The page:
Come to the Gobi, They Said

John Davis was six feet tall the beginning of his sophomore year of high school, and the basketball coach wanted him for the team. But John was still growing into his height and uncoordinated, and the coach gave up. He tried out for baseball with the same results, and even though the track and field coach wanted him for the length of his stride, John thought running was boring and besides, his big feet caught on the hurdles.

He was six foot three the beginning of his junior year, and because he could be padded up and taught to block, he joined the football team. His mother was proud of him. He had no opinion either way, but it made her happy and made the coach happy and football was just what you did in the small town where he lived, and he didn't mind.

He played defense for a small football team at a small high school, and if they weren't the greatest powerhouse in the county, at least they weren't always embarrassing. John kept his head down and did what he was asked, and he practiced with the team and did his homework and worked after school and never told a soul he was more interested in the quarterback than the head cheerleader.

Because he lived in a small town and he played defense on the football team and he didn't want to get his head bashed in.

John was not the sharpest knife in the drawer but he was a good kid. He was awkward around girls and a bit of a klutz, and he had an easy smile and an open heart. He liked barbecued ribs and cheeseburgers and his mom's peach cobbler, horses and big dogs and the open sky. He worked hard. Sometimes he asked a lot of questions. He loved his mom.

After high school he took a job at an oil well in eastern Texas, because he was a tall, strong kid who could do the work, and the money was ok and he couldn't afford college, and hadn't expected to go anyway. He worked hard because that was how he'd been brought up, and he sent money home and called his mom when he could.

And then he took a job out in the Gobi Desert, and he met Rodney Alex.

* * * * *

Rodney Alex was five foot ten the beginning of Secondary 4, and he liked playing football with his friends but he wasn't interested in team sports. He wasn't interested in school either. He waited until he was sixteen and had taken his Standard Grade exams and then he left, because he could.

He was six feet tall the year he turned seventeen, and he did what he liked. He stole a car and learned to fight and got into more arguments with his dad and oldest sister than anyone cared to count. His mother worried about him but he had no fear for himself.

He played pickup games of football and rugby in empty fields, and he smoked like a tough guy, and he alternately led and followed his mates into trouble. He got a tattoo on his hand, a swallow to mean These fists fly, because he fought hard when provoked and harder when cornered. He'd had a girlfriend, even though she knew and a couple of his friends knew that he'd rather have a boy's lips wrapped around his dick than a girl's breasts in his hands. He'd told them, but he hid it from his family and everyone else he knew.

Because he lived in a conservative city and he ran with a hard crew and he didn't want to get his head kicked in.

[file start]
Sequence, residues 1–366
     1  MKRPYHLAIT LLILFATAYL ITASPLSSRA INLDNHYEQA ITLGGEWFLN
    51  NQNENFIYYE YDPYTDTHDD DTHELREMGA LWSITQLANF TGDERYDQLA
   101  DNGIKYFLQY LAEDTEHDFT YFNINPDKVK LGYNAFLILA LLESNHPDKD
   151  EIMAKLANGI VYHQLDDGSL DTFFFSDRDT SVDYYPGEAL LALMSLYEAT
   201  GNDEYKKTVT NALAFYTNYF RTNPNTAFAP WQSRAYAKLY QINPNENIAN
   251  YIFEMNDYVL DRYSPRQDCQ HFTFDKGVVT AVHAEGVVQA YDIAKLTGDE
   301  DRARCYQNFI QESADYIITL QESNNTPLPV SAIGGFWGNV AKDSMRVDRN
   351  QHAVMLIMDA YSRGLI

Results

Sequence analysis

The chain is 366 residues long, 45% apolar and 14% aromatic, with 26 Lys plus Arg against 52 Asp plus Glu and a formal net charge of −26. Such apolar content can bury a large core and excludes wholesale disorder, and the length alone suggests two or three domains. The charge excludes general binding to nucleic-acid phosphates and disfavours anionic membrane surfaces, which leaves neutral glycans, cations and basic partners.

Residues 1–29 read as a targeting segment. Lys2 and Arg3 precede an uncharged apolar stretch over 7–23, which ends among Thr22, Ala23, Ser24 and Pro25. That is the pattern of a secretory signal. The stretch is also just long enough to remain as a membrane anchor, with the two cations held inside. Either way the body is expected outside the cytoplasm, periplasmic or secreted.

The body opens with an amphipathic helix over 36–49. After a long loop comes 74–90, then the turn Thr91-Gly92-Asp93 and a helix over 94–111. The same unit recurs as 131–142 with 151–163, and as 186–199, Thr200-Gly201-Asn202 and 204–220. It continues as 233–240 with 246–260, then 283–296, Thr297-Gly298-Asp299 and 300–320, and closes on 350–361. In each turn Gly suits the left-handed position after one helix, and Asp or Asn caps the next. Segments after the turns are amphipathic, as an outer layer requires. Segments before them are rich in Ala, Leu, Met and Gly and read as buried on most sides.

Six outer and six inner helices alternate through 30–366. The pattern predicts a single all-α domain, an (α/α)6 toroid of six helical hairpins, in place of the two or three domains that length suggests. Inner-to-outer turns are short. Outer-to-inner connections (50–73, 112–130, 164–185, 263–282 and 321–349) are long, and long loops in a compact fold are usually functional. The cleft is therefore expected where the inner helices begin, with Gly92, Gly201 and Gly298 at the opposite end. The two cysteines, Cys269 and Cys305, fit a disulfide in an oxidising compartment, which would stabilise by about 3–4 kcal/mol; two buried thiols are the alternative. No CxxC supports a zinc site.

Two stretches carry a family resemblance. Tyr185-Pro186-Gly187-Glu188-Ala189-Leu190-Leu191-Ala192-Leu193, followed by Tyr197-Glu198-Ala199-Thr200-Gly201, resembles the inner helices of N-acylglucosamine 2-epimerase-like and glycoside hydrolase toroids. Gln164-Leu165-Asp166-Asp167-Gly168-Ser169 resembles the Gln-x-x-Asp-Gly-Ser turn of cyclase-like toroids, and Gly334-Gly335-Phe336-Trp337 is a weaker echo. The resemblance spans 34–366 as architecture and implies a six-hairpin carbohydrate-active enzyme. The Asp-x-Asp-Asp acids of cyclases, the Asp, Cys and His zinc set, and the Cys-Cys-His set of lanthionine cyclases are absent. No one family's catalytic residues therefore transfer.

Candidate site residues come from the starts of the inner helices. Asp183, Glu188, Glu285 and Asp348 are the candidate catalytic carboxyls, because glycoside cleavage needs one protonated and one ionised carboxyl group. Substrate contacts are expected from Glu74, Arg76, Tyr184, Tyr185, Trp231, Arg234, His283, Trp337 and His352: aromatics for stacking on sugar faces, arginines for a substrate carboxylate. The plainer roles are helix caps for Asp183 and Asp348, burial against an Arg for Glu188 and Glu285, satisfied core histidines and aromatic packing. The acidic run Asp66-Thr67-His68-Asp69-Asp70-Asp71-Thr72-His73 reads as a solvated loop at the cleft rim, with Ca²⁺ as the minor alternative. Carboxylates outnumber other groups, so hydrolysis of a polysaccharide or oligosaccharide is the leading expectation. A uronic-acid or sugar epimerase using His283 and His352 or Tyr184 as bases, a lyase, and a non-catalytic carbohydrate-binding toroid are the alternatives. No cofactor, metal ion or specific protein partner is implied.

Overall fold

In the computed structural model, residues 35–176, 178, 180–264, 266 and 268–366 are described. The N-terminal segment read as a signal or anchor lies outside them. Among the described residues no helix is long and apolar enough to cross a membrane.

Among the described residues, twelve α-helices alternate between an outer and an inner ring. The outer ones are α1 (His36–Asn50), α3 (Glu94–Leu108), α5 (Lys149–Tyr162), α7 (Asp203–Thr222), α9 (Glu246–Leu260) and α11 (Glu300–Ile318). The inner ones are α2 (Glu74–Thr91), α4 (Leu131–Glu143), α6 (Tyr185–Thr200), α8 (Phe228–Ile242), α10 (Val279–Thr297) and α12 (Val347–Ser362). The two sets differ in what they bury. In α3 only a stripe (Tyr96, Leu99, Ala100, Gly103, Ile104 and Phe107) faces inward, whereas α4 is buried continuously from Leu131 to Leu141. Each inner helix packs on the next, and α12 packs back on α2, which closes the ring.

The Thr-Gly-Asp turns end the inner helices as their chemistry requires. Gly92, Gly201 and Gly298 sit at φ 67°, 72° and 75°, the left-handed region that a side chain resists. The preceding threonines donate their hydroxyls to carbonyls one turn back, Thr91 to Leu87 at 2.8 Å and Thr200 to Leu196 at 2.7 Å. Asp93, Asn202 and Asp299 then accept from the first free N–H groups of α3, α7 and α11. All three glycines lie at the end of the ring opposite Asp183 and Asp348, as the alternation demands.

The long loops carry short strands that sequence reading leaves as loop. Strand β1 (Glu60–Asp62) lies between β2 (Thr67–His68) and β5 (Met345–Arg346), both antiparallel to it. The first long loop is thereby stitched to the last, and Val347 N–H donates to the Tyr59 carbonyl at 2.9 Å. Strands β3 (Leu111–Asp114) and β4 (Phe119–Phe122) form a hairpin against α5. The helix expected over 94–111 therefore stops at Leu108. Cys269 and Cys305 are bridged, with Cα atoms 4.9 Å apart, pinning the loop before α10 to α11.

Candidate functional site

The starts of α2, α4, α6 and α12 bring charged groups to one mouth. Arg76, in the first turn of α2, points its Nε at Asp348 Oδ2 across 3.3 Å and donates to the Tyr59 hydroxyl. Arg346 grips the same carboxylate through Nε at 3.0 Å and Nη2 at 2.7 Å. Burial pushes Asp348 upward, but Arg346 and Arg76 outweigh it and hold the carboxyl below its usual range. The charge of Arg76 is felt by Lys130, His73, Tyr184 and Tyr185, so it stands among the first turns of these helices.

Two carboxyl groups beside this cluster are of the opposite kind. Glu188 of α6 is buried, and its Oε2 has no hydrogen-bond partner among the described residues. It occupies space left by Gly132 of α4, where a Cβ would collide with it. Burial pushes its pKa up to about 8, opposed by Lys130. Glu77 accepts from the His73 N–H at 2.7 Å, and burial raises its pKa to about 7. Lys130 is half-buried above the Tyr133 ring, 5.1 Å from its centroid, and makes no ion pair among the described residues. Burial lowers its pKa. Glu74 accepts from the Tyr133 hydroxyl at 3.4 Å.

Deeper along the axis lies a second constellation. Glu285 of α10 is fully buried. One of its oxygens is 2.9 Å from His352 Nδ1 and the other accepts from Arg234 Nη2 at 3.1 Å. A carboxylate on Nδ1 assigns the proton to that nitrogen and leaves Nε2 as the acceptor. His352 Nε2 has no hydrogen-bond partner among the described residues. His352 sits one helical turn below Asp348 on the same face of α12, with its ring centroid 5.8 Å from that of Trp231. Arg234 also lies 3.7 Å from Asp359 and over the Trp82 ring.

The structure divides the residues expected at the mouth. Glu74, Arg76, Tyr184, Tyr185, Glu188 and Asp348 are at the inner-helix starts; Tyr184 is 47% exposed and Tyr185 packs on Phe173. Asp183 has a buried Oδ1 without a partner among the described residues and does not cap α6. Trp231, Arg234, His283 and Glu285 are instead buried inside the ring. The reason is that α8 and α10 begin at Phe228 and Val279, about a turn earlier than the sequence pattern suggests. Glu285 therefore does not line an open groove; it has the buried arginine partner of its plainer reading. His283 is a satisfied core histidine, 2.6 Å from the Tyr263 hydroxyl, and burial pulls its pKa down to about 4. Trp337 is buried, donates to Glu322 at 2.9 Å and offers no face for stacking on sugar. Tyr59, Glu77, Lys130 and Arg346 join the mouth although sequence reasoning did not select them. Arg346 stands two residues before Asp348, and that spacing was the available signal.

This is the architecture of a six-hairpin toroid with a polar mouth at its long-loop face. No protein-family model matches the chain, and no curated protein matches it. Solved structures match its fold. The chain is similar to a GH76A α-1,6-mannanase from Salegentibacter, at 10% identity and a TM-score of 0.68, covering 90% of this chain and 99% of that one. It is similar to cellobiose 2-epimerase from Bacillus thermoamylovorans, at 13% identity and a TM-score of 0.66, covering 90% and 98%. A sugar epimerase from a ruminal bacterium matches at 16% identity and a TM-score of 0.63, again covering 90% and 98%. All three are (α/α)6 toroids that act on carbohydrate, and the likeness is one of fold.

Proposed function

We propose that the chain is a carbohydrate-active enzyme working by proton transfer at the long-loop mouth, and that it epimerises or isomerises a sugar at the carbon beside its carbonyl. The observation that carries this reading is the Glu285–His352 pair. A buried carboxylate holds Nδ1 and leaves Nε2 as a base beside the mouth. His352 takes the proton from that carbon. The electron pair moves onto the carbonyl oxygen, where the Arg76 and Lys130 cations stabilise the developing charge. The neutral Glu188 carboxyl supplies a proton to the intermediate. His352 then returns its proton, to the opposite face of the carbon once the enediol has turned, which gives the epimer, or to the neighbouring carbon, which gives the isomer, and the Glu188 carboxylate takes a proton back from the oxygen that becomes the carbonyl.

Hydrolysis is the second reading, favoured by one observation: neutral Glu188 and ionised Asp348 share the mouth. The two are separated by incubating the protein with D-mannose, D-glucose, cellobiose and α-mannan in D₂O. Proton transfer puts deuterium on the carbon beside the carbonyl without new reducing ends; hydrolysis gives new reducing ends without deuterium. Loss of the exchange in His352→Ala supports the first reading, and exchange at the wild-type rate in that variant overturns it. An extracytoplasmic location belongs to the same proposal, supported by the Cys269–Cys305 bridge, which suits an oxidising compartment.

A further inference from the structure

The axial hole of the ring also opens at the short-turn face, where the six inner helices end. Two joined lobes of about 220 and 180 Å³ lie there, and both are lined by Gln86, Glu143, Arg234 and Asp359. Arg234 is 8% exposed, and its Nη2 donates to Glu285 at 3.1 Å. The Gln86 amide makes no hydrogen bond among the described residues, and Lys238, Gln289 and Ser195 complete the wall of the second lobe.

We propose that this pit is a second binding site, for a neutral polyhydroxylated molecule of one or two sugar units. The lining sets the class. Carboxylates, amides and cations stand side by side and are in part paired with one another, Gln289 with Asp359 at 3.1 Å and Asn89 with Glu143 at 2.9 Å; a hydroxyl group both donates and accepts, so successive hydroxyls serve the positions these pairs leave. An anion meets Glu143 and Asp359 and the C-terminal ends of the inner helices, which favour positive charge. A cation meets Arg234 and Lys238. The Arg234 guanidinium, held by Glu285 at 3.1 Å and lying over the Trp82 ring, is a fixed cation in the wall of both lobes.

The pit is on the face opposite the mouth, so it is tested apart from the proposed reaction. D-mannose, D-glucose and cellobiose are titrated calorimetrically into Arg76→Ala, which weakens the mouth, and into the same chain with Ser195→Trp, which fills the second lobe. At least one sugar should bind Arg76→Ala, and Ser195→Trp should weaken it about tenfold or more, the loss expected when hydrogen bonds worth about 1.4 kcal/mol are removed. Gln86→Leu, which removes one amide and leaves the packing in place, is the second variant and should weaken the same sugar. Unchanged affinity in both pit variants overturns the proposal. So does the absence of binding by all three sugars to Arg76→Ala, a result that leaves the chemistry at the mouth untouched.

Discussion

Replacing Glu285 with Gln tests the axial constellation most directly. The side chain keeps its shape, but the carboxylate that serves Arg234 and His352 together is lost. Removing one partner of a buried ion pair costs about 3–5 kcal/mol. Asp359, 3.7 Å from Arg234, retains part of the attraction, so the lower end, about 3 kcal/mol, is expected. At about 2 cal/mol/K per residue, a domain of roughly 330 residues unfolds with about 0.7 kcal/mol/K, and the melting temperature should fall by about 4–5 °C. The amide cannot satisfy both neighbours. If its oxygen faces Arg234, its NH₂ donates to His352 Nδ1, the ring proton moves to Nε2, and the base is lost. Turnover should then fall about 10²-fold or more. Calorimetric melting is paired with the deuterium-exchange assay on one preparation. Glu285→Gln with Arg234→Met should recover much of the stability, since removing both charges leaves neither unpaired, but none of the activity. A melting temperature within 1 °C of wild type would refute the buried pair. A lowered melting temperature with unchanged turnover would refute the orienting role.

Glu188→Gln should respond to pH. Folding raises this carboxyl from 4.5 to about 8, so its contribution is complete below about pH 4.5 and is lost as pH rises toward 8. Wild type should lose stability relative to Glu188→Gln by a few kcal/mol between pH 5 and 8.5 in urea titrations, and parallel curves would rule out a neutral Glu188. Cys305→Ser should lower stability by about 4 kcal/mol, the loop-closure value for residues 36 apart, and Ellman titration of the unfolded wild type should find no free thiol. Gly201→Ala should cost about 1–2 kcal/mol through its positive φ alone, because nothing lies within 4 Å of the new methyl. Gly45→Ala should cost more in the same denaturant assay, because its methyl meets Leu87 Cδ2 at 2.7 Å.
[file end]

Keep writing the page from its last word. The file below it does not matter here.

Rodney wasn't a rocket scientist but he wasn't stupid. He had a temper and an attitude and a criminal group of friends. He was loyal to them and inspired loyalty in return. He liked chips with vinegar and spaghetti bolognese and his older sister's oatmeal cookies, Marlboros and Glasgow Celtic and the view of the city from the tower block where his cousin lived. He considered himself a pretty decent dancer. He loved his sprawling family.

At eighteen he took a job on an offshore oil platform in the North Sea, because he was never going to university and he knew if he stayed in Glasgow he'd end up in jail or on a table in the morgue. He worked hard because it was his only way out, and he shuttled around the world and made crew chief and grew up. He called home when he could and wrote grammatically idiosyncratic letters when he couldn't.

And then he took a job out in the Gobi Desert, and he met John Davis.

* * * * *

John was twenty-two years old and six foot five and still sometimes clumsy on his feet, and Rodney was thirty-two and six foot one and mellower than he was at eighteen, and the Gobi was farther from home than either of them had ever been. John was terrifically homesick, and to cheer him up Rodney got him drunk and made him laugh and kissed him, and John grinned like the sun rising and kissed Rodney back.

John told Rodney about his mom and the Texas sky and good barbeque, and Rodney told John about his sisters and Glasgow clubs and the way the park erupted when Celtic FC scored a goal.

They took their moments when they could and laughed because John barely fit on the beds by himself, never mind with Rodney, and neither of them thought very hard about what would happen when they left this job for another one.

And then a cargo plane flew out of the desert and landed at the site, and Rodney watched it arrive and knew the well was shutting down. He wasn't surprised. He wasn't sorry to leave the Gobi, but he didn't want to leave John.

What he didn't know, because he couldn't know, was that ultimately, he wasn't going to.